Anthony Harper Summer Theatre and The Forge at The Court
Riccarton Bush, Christchurch | February 4-22
Children’s theatre is tricky business. How do you please the kids while making sure the adults taking them to the show aren’t bored? It’s certainly a Herculean task trying to please both. With Peter Pan, director Daniel Pengelly and his team of actors accomplish this task, though perhaps with an uneven hand.
The production isn’t credited with a writer as the script is mostly improvised by the actors themselves. The result is a show that feels fresh and constantly spontaneous, consistently engaging from a performance perspective, but the narrative does take a slight of a beating due to this. Those familiar with J. M. Barrie’s original story or the Disney cartoon will have a nostalgic time following the flow of events, but children in the audience with no prior knowledge of Peter Pan are bound to get slightly confused. This isn’t much of an issue though. The production quickly moves from one even to the next, so nobody is really paying attention to plot specifics. And because of the frequent pop culture and current event references, I found that the adults enjoyed the show too—possibly more so than the kids.
Certainly the highlight of the show is watching The Court Theatre Youth Company, a promising bunch who all exude immediate likability, charging on and off stage with gusto. Ben Ashby is a perfectly spriteful Peter Pan, portraying a rebellious youthfulness and naiveté; Vincent Andrew-Scammell makes for an odd but effective Tinkerbell; Kate Hellings is well-suited to the understated maturity of Wendy; and Rheanna Walsh and Ellen Jones-Poole make for a giddy pair as brothers John and Michael. The older professionals are well-cast, exuding their own childlike energy appropriate to a kids show, never feeling out of place. Derek Flores is an effectively ineffectual Captain Hook; Andrew Ford is a flamboyant but slimy Schmee; and Vanessa Kumar is a strong, lively Indian Chief. The cast also play multiple other characters successfully, including mermaids, pirates, parents and a dog, giving them plenty to do. That some of the roles have gone through some gender-swapping is notable, but never detracts from the performances.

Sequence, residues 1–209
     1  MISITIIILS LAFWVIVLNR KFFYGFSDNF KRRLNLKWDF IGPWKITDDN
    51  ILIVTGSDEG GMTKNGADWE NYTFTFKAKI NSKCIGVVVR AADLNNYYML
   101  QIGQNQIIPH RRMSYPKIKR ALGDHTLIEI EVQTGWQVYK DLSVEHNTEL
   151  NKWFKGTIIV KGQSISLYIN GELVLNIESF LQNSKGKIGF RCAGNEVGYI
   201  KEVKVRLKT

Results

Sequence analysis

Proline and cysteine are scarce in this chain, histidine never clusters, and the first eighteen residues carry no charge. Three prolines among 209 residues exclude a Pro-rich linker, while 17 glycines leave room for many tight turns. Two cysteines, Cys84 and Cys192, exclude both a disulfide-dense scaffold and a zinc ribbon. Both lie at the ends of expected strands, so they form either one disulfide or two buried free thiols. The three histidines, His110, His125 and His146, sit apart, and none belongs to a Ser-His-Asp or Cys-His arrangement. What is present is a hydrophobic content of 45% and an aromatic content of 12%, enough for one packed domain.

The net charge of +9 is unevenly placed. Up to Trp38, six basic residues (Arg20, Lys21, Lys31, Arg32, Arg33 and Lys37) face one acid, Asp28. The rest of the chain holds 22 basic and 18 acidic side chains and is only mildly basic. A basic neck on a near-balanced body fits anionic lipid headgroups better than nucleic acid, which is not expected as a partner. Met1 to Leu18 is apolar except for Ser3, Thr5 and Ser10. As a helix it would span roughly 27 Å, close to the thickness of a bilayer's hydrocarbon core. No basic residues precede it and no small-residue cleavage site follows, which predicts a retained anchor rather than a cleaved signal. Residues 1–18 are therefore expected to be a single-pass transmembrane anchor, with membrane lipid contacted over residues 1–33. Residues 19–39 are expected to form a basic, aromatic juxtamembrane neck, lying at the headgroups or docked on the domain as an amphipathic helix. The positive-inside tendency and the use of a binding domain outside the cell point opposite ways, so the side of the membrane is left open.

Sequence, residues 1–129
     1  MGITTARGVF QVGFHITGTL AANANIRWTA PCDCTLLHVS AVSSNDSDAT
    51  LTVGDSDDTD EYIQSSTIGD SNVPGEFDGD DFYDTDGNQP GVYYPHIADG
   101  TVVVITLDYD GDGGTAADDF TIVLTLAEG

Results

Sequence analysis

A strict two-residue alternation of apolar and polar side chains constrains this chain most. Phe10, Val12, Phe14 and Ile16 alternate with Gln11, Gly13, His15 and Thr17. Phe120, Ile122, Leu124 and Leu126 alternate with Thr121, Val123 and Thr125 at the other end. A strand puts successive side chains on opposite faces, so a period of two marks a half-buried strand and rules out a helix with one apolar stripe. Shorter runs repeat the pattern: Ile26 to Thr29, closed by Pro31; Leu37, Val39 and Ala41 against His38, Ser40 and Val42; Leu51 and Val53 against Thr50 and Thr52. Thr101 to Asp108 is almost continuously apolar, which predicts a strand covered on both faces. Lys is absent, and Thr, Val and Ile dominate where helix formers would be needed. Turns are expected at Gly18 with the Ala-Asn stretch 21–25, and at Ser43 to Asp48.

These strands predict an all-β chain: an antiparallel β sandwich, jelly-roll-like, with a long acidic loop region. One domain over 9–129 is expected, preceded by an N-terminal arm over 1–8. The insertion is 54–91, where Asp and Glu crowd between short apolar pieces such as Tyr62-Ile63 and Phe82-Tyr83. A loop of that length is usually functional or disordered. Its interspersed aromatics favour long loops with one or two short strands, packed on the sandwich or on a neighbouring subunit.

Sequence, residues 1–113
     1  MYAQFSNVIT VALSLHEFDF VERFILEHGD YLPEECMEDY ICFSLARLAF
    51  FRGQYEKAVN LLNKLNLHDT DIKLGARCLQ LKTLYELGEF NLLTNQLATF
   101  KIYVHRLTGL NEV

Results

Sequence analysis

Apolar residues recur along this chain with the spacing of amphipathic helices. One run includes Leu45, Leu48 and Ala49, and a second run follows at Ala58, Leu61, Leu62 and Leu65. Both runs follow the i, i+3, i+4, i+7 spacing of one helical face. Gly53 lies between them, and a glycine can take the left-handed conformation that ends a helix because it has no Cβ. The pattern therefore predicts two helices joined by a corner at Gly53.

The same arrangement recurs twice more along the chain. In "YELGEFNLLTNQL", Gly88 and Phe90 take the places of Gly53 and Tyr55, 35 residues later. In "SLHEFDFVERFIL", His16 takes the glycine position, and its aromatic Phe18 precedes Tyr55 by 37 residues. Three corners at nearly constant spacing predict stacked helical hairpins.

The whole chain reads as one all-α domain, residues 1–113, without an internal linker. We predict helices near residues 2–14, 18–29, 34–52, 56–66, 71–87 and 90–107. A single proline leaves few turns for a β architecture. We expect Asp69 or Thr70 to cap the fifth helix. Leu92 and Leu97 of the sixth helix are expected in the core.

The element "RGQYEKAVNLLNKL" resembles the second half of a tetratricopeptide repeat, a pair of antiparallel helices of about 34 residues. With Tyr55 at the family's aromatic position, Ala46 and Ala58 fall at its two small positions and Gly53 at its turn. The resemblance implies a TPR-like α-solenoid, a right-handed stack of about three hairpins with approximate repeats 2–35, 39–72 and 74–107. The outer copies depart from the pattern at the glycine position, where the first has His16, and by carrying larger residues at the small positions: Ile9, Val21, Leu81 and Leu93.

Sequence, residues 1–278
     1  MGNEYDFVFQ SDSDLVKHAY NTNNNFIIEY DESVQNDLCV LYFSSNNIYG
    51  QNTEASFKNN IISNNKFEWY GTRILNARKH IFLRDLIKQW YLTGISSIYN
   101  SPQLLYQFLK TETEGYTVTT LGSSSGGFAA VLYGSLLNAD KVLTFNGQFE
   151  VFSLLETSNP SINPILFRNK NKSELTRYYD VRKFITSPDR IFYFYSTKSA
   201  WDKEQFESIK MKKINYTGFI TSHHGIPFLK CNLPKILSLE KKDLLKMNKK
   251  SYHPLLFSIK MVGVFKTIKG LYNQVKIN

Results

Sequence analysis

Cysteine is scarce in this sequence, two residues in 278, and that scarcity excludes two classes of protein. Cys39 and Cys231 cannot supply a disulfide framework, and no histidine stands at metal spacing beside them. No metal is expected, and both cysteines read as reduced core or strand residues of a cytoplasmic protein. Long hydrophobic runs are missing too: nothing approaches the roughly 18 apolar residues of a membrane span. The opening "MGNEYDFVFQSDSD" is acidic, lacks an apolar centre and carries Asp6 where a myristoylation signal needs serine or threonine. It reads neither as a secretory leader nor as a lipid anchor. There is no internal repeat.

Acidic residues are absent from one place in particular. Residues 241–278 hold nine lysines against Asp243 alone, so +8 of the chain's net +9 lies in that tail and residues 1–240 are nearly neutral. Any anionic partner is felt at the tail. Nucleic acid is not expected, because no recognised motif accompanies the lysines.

There’s a sad undercurrent to the proceedings of Peter Pan which I’ve always found quite affecting, from the inevitability of growing up to the longing for parents. Though these themes aren’t explored particularly in-depth in this production due to the focus on physicality and movement versus storytelling, there are still moments that touch upon those sad undercurrents. But, most importantly, the cast seem to just be having a blast, which is an utter joy to behold. They reject any attempts at realism, never forgetting this is the stuff of fantasy.
Those hoping for a definitive production of Peter Pan on stage might be disappointed, but for a free outdoor summer show you can’t do much better. It’s a family-friendly event with a little something for everyone. It might not be the show that ushers a new generation of theatre-goers, but it might remind you why you came to the theatre in the first place.